PROVO An attorney was suspended and could be potentially disbarred for keeping money from two retainer checks, rather than share half of the money with his former firm.
Attorney Craig Bainum was placed on five years of court-supervised probation and told not to practice law or do anything having the appearance of practicing law, according to a ruling from 4th District Judge Samuel McVey.
Bainum was also sanctioned for violating professional rules relating to diligence, communication, fees and professional independence of a lawyer by failing to come to court hearings, not communicating with clients or paying restitution to his law firm years after the fact, McVey wrote.
Bainum's defense attorney Gary Weight could not be reached for comment.
Three years from now, Bainum may apply to practice law again if he provides evidence to the court that he would be working under an experienced attorney, has malpractice insurance coverage for his clients and is complying with the Office of Professional Conduct, according to McVey's ruling.
Bainum also must submit a detailed plan from a psychologist or psychiatrist for managing his chronic depression, which he was dealing with during his rule-violating conduct, McVey wrote.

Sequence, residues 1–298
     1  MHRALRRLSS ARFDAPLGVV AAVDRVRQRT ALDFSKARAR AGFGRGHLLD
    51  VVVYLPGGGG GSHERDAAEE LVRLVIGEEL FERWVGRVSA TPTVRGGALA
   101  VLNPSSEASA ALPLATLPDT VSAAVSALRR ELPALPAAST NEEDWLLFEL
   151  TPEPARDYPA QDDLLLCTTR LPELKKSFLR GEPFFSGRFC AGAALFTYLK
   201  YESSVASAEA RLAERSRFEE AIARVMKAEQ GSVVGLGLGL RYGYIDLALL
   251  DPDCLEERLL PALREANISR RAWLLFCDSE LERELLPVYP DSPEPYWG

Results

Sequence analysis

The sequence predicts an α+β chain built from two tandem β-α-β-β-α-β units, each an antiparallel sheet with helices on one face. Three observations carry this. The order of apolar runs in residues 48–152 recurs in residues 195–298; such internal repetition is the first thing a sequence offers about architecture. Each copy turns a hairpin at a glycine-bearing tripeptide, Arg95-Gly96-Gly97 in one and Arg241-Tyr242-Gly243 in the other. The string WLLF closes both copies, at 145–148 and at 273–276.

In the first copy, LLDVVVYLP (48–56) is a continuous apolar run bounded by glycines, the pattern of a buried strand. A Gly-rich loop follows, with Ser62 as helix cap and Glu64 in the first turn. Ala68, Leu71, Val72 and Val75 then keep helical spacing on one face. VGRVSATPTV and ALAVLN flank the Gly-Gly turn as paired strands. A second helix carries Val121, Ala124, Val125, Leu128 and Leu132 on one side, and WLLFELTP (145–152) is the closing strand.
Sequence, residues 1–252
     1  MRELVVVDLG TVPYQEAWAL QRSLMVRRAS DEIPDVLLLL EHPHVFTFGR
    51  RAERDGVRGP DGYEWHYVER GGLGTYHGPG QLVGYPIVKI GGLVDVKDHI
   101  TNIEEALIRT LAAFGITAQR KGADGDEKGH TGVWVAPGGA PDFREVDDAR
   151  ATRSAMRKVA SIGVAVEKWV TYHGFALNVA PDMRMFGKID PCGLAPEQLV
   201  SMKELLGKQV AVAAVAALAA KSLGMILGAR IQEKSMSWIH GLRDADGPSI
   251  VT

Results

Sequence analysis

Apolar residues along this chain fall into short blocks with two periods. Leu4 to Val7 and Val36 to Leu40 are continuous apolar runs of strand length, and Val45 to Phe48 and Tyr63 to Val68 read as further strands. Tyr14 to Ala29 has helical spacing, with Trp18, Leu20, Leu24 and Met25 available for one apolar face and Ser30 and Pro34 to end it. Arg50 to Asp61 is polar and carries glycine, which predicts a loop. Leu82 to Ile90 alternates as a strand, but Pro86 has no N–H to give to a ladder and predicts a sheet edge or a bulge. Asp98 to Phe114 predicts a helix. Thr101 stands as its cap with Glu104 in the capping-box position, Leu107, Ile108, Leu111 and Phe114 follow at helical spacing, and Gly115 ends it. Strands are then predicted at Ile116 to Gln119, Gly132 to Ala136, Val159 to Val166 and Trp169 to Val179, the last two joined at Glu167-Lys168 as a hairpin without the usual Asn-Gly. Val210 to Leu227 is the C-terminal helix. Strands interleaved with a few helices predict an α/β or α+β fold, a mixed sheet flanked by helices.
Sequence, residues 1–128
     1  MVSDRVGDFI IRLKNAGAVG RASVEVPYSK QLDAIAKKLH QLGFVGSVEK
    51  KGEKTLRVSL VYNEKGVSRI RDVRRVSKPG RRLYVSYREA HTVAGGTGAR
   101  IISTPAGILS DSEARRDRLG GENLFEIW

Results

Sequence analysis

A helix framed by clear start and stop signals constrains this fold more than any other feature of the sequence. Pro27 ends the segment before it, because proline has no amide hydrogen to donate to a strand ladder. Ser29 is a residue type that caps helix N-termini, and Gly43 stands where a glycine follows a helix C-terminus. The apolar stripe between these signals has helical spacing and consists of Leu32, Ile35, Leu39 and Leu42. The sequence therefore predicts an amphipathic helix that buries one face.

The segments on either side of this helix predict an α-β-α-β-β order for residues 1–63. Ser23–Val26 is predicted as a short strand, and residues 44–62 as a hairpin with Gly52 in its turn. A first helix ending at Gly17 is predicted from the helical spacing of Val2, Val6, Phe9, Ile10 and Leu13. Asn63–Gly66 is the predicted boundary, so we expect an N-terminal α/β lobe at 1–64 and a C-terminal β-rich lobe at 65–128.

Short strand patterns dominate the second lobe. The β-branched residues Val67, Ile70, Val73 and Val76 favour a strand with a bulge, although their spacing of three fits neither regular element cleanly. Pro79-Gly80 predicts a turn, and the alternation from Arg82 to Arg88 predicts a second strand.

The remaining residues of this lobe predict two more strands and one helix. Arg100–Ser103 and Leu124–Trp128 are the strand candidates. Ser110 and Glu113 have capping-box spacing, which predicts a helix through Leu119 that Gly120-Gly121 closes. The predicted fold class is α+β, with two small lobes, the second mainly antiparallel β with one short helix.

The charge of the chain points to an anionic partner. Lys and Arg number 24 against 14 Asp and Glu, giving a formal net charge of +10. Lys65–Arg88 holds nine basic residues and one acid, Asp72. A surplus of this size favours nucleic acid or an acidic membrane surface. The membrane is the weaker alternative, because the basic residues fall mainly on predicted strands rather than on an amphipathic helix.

McVey wrote that while depression cannot excuse Bainum's conduct, the court cannot ignore that fact.
The ruling came after a recent sanctions hearing in 4th District Court, in which Bainum testified about how his relationship at the law firm of Dexter and Dexter ended in August 2002, after slowly deteriorating for 11 months.
"I think every attorney has some issues," said Chris Dexter, partner of Dexter and Dexter. "Craig's issues dealt with communication."
However, Dexter praised Bainum's "court presence," and said he valued his friendship.
Bainum testified he became frustrated when poor equipment in his satellite office in Salt Lake City prevented him from doing his work, which he saw as a violation of his contract.
The money problem arose when Bainum deposited two retainer checks from clients he had worked with toward the end of his employment into his own account not a 50/50 split with the law firm as was the stated but unwritten policy.
"The check was made out to Dexter and Dexter," asked Billy Walker, with the Utah Bar Office of Professional Conduct. "You endorsed the back?"
"Yes," Bainum said.
"Did you notify any of the partners that you had received the check?" Walker asked.
Bainum said he had not and confirmed that he had deposited the check into his account.
"They had breached our agreement so much I didn't think they were entitled to have anything," he said.
Weight later asked Bainum if he had repaid the $4,000 in question.
Bainum said he had and acknowledged he hadn't handled the money in the right way to begin with."There was no question they breached our agreement," Bainum said. "But I just didn't handle it right. I should have talked to them, should have renegotiated."